We could be witnessing the beginning of the end of the Clinton empire, as evidenced by an editorial piece in The New York Times that called out former President Bill Clinton’s sexual exploits and questioned whether he deserved a harsher punishment at the time.
On Saturday, Douthat penned an editorial piece titled “What if Ken Starr Was Right?” for the New York Times that seemed to indicate that the end of the Clinton empire could very well be a reality in today’s climate.
If you’ll recall, Ken Starr was the independent counsel appointed to investigate the former president’s misdeeds in regard to the Whitewater and Monica Lewinsky scandals. He accused Clinton of using his political power to entice women, and then lie about encounters with them and, if need be, bully his victims to keep them quiet.
In light of the dozens of unearthed sexual allegations from decades ago, author Ross Douthat considered if Clinton could ever survive in today’s environment.
Douthat wrote that in the 1990s, the prevailing thought was that Clinton’s affairs were his business, and his sexual relationship with his young intern Monica Lewinsky should never have jeopardized his presidency.
But that narrative could never survive the current outrage we have recently witnessed about sexual misconduct claims.
And Douthat is wondering if it ever should have.
“(L)iberals might be willing to concede that the Lewinsky affair was a pretty big deal morally, a clear abuse of sexual power, for which Clinton probably should have been pressured to resign,” he wrote.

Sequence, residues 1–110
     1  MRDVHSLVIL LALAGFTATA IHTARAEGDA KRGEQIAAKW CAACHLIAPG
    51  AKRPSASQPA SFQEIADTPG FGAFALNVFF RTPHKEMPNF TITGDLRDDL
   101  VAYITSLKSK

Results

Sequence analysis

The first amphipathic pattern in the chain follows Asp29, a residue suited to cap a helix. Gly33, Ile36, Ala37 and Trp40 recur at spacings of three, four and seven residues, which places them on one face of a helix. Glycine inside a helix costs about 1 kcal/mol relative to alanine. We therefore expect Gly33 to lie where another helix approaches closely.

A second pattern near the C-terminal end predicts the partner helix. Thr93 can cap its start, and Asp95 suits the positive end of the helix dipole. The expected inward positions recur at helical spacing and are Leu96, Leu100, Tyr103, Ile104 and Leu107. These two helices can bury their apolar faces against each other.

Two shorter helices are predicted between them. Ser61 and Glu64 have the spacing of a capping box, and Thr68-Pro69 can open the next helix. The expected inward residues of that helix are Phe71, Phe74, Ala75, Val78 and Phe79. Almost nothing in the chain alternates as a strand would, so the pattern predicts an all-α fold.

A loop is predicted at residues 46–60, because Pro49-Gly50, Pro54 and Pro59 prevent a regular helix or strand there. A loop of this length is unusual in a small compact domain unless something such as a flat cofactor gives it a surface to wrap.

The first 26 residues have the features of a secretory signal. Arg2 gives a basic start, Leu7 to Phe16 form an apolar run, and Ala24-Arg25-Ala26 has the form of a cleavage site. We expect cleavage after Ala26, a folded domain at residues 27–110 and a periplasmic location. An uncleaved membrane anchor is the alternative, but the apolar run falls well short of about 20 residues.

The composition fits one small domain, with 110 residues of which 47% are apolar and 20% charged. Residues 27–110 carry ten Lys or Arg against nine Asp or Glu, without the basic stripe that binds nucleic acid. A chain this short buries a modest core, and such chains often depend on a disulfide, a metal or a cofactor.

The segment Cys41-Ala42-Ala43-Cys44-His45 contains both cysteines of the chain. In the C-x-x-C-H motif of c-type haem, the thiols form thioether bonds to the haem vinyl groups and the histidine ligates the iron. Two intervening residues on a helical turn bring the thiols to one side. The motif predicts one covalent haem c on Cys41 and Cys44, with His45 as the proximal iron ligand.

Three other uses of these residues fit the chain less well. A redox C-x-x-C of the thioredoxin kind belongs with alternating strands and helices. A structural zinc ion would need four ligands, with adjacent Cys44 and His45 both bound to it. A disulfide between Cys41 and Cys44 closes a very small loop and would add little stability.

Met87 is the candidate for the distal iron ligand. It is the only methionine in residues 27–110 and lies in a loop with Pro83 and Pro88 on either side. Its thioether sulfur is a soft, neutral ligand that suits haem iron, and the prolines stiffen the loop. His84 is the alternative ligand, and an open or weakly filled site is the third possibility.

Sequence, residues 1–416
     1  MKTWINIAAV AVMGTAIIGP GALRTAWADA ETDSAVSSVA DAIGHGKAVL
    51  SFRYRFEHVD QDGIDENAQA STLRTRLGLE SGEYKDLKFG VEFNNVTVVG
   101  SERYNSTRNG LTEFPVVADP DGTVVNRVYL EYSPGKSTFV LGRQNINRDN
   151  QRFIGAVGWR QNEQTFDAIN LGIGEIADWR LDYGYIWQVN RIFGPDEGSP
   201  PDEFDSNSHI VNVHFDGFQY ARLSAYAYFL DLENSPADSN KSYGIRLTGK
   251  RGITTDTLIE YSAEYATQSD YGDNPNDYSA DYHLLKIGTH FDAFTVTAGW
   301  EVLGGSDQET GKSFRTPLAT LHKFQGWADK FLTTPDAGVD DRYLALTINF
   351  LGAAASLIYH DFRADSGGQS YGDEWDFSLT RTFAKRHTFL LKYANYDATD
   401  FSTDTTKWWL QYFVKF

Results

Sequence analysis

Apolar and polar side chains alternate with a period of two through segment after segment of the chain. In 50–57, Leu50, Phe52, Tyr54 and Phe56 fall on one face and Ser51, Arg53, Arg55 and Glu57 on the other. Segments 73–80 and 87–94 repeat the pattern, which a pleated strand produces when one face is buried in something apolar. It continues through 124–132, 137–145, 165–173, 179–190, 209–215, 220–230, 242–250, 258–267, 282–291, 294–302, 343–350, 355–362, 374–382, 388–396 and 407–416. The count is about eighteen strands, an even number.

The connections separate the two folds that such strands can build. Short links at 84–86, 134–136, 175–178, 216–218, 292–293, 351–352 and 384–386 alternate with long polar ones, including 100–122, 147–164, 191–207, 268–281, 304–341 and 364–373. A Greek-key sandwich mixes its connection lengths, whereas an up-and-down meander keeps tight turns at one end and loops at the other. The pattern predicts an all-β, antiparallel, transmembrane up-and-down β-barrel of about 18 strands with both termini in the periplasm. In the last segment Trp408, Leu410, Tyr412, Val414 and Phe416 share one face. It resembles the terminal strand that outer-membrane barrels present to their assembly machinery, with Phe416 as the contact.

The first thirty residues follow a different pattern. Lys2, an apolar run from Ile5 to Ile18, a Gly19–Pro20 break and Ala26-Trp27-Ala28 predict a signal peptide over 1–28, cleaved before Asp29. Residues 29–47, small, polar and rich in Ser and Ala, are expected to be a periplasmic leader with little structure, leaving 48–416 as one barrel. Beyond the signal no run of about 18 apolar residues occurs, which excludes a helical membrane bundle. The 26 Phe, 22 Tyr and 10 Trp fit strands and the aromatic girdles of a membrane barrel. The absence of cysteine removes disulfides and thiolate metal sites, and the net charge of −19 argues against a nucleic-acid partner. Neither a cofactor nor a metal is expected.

Douthat said that after rereading about Clinton’s past, he had to accept the fact that perhaps the Republicans were right about the former president.
“It may be that the conservatives of the 1990s were simply right about Clinton, that once he failed to resign he really deserved to be impeached,” he added.
“Yes, the Republicans were too partisan … But the Clinton operation was also extraordinarily sordid,” he explained. He added that “everything” connected to Clinton’s sexual misconduct was bad, from using the office to procure women to buying silence and bullying accusers to “brazen public lies and perjury.”
You can say that again.
“If exploiting a willing intern is a serious enough abuse of power to warrant resignation, why is obstructing justice in a sexual harassment case not serious enough to warrant impeachment? Especially when the behavior is part of a longstanding pattern that also may extend to rape?” he asked, noting that any feminist today would not hesitate try and remove a similarly predatory CEO or supervisor.
Douthat’s right, and his questions bring us back to the hypocrisy of Democrats. When they had the opportunity to remove Clinton, they instead shamelessly abandoned their feminist principles, smeared victims, and ignored his accusers, “all because Republicans funded the investigations and they’re prudes and it’s all just Sexual McCarthyism.”
Douthat pointed out how politics wrongly trumped everything else in the 1990s — especially when it came to the Clintons — and how the Democrats might have been wrong to let that happen.
Now, after years of loyalty, it seems as though The Times is throwing the Clintons under the bus after realizing Bill was no better than any of the other sexual predators we are learning about today.
There is simply no way to defend this kind of filthy behavior.
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